released an assessment laying out the conclusion that President of Russia
Vladimir Putin “ordered an influence campaign” intentionally designed to
challenge public confidence in the American democracy, destroy Clinton’s
credibility, and increase Trump’s chances of winning the 2016 U.S. pir-es
dential election.74 According to investigators, the Russian government
directed its intelligence agencies to obtain information from U.S. campaign
organizations, think tanks, and lobbying groups.75 The assessment
pinpointed Russia’s Main Intelligence Directorate (known as the GRU) as
responsible for breaching the DNC’s computer network and using the Guccifer 2.0
persona, DCLeaks, and WikiLeaks to release the acquired data.76
In response to Russia’s cyber attack on the DNC, U.S. President
Barack Obama issued anExecutive Order on December 28, 207176.It
amended an April 1, 2015 Executive Order, under which anyone found
negaging in or responsible for certain cy-beenrabled activities outside the
United States would have their assets in the United States frozen abned
prohibited from participating in business transactions in the United States.78
Specifically, the April 1, 2015 Executive Order applied to cy-benerabled
activities with the purpose or effect of “harming .. . a critical infrastructure
sector,” “causing a significant disrupt to the availability of a computer or
ing gave over two million dollars to the pavilion even though it was on a list of companies to
avoid for donations because it would likely “be seen as an attempt to curry favor with American
officials.” Id. As an example of favorable treatment, Proctor & Gamble gave three million dollars
to the pavilion and, allegedly, received the Secretary’s Corporate Excellence Award froMmrs.
Clinton in exchange. Id.
74 OFFICE OF THE DIR. OF NAT’L INTELLIGENCE, supra note 14; Gilsinian & Calamur, supra
note 15; Michael D. Shear & David E. SangerP,utin Led a Complex Cyberattack Scheme to Aid
Trump, Report Finds, N.Y. TIMES (Jan. 6, 2017), https://www.nytimes.com/2017/01/06/us/politics/
75 OFFICE OF THE DIR. OF NAT’L INTELLIGENCE, supra note 14.
76 Id. The Main Intelligence Directorate, or GRU, is the Russian army’s intelligence branch.
Shaun Walker, US Expulsions Put Spotlight on Russia’s GRU Intelligence Agency, THE GUARDI
AN (Dec. 30, 2016),
77 Gambino et al., supra note 11; Sanger, supra note 11; Wroughton, supra note 11; see Exec.
Order No. 13,757, 82 Fed. Reg. 1 (Dec. 28, 2016) (responding to Russia’s cyber attack).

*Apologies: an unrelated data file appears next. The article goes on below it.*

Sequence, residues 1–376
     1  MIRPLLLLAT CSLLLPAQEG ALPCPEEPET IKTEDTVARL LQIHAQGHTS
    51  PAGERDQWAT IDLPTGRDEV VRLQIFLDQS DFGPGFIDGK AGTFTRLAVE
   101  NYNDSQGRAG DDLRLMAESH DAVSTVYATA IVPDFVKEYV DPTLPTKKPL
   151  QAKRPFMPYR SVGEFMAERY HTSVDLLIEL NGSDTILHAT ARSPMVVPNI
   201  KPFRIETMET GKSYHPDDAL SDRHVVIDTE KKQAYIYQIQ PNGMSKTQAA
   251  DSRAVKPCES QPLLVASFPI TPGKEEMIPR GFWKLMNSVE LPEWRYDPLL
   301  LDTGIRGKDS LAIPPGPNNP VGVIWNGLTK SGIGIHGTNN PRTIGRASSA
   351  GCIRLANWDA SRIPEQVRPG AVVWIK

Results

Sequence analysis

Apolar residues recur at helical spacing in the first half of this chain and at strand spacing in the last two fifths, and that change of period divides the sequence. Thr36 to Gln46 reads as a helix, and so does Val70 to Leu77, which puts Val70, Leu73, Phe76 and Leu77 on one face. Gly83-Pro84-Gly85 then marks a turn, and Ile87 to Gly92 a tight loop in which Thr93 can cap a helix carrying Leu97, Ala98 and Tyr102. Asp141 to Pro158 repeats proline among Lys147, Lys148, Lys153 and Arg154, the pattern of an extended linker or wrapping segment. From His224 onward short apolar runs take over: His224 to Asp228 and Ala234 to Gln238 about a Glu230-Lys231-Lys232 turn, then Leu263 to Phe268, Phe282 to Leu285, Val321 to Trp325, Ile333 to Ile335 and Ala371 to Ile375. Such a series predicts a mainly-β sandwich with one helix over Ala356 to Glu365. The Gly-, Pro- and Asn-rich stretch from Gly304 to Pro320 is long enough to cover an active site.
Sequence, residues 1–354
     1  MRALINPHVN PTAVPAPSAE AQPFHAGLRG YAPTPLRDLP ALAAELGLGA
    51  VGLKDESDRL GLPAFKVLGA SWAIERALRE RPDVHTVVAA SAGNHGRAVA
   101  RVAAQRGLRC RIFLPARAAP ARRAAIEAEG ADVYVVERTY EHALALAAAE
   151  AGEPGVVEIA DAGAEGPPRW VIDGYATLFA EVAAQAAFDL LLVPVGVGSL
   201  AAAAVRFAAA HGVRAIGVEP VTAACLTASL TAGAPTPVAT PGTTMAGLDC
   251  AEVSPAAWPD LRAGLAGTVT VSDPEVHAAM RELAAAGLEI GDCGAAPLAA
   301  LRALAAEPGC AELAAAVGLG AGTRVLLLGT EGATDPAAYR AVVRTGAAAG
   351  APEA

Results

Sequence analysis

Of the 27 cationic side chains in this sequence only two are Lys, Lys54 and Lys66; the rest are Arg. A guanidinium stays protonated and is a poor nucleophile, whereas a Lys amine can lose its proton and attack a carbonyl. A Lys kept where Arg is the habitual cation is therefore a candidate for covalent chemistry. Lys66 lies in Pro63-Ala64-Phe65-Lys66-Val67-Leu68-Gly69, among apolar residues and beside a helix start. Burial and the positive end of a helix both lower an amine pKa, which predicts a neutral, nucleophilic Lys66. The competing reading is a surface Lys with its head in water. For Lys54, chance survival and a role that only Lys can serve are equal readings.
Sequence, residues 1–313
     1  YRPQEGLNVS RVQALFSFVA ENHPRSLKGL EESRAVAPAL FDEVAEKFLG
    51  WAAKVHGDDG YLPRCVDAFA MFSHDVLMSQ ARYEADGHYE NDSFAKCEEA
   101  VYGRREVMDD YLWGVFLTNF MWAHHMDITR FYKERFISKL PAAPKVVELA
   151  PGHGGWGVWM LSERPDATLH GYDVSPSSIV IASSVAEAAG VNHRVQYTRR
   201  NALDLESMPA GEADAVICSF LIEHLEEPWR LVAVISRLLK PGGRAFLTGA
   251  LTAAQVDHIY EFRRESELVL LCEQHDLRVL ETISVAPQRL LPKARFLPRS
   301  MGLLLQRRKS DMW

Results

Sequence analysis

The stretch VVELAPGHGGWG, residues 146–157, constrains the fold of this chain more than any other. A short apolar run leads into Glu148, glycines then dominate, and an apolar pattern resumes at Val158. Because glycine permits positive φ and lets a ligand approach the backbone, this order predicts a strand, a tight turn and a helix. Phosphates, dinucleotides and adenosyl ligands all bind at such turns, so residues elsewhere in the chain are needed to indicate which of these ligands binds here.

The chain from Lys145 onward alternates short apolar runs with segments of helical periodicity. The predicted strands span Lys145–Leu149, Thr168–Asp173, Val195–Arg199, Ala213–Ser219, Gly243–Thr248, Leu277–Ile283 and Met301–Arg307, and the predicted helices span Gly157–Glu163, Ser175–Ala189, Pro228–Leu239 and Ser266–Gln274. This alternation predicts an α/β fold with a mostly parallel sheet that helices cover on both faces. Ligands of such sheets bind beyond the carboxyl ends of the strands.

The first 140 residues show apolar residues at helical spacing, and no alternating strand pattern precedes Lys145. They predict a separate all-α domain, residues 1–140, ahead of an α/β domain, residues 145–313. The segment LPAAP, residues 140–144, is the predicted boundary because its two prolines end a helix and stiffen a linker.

78 James Killick et al.,U.S. Expands Cyber-Related Sanctions Executive Order and
Degsinates Russian Parties, WHITE & CASE (Jan. 2, 2017), https://www.whitecase.com/publications/alert/
cc/5XKL-X66R]; see Exec. Order No. 13,757; Exec. Order No. 13,694, 80 Fed. Reg. 18,077 (Apr.
1, 2015). The April 1, 2015 Executive Order stated, in relevant part:
All property and interests in property that are in the United States, that hereafter
come within the United States, or that are or hereafter come within the possession or
control of any United States person of the following persons are blocked and may
not be transferred, paid, exported, withdrawn, or otherwise dealt in . . . .
Exec. Order No. 13,694, at 18,077.
network . . .” or “causing a significant misappropriation of funds or oe-c
nomic resources, trade secrets, personal identifiers, or financial information
for commercial or competitive advantage or financial gain.”79
The December 28, 2016 Executive Order expanded the list of cyb-er
enabled activities covered to include “tampering with, altering, or causing a
misappropriation of information with the purpose or effect of interfering
with or undermining election processes or institutions .. . .”80 The
December 28 Executive Order also explicitly identified five Russian entitiesn-(i
cluding the GRU) and four Russian individuals that violated the new
provision.81 Accordingly, their assets in the United Stateswere frozen and they
were barred from doing business with anyone in the United States.82
After issuing the December 28, 2016 Executive Order, President
Obama announced that the U.S. Department of State declared th-ifritvye
Russian diplomats and consular officials in the United States “persona non
grata.”83 Accordingly, the diplomats were expelled from the United States
and given seventy-two hours to leave.84 The U.S. Department of State also
informed the Russian government that it could no longer access two
compounds it owned in the United States.85 According to U.S. officials, the
Russians primarily used them to conduct intelligence activities8.6 Russian